Millennials, start your engines — with your smartphones


Millennials, start your locomotives — with your smartphones.

That’s the promise of Maven, the latest car-sharing appointment to arrive in Toronto. General Motors is behind the brand, which gigs Tuesday with some 40 vehicles that can be found in allotments across the city.

Maven aims to distinguish itself from compare favourably with companies like Zipcar, Enterprise CarShare and Car2go, with slicker technology, lop off prices and a range of vehicles — from compact cars to SUVs. It’s already game in big U.S. cities, where nearly eight-of-10 drivers using it are between 18-34.

“For us, that’s far-out,” said Steve Carlisle, president of General Motors Canada.

He imagines many young people living in dense urban areas accomplish it’s “maybe not the world’s most convenient thing, or affordable thing, to own a car.”

There’s the hassles of parkland. There’s insurance. And then, Carlisle says, there’s the fact that varied personal vehicles just sit there unused 95 per cent of the rhythm. The hope is that Maven vehicles will be used far more, potentially fascinating up to 10 personal vehicles off the road.  

Maven’s arrival heaps multitudinous pressure on city hall.

Toronto Car2go

Car2go recently told its customers it’s re-evaluating its in effects in the city after city council voted to delay a pilot plan that would have helped the company. (John Rieti/CBC)

Councillors recently upheld to delay debate on a pilot project that would grant residential depositing permits to car-sharing companies — whose vehicles are officially called “free-floating car rentals” at municipality hall. One of the big concerns is that the shared cars would leave neighbourhoods looking for spots.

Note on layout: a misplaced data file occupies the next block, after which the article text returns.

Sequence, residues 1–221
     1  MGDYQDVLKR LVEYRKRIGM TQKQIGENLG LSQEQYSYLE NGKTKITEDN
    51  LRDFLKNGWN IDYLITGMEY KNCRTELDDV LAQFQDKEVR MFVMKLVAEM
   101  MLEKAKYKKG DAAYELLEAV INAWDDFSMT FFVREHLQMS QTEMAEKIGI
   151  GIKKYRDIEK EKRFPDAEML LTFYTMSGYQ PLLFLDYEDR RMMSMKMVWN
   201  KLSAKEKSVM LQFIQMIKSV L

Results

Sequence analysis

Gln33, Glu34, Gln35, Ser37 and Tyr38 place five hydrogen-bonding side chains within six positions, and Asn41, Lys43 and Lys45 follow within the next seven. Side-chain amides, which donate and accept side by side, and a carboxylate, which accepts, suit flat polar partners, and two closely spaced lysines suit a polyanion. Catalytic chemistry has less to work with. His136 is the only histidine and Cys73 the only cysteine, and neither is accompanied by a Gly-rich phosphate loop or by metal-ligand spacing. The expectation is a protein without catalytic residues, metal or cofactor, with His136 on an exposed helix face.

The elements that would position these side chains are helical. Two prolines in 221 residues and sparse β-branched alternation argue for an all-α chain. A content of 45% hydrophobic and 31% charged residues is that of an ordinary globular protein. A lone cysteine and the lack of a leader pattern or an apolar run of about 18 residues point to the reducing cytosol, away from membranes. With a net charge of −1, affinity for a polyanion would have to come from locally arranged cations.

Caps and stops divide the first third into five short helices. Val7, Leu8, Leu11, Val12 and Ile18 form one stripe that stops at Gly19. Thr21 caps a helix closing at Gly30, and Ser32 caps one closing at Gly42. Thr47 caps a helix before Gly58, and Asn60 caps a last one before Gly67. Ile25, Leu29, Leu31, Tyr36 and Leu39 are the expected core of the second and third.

Coun. Gord Perks warned there are enter ins of the city where parking demand is overflowing and said council wants some self-reliance from the various companies that they’ll keep their agencies out of certain areas.

Car2go was so upset by council’s stalling that it has threatened to stop off operating in Toronto.

Cherise Burda, the executive director of Ryerson University’s Diocese Building Institute, says city hall should move to welcome car-sharing services.

“This is a giant city. You cannot make parking smudges for every single person who has a car,” she said.

“We have to look at other cave in to get around.”

Should Toronto be charging more for parking?

Burda encourages a “multi-modal” make a proposal to that ensures people can choose transit, active transportation or muster up a shared car near them. Vancouver is moving much faster than Toronto to increase this kind of system, she noted.

She says the city’s also not instiling enough for its parking permits.

“Essentially, we are subsidizing cheap parking for drivers. And we are disciplining people who don’t have cars, either because they can’t afford them or they prefer not to have them,” Burda said.

The parking spots should halt, she says, but the city should look at upping the fees so drivers be acquainted with: “this is a privilege to be able to park.”

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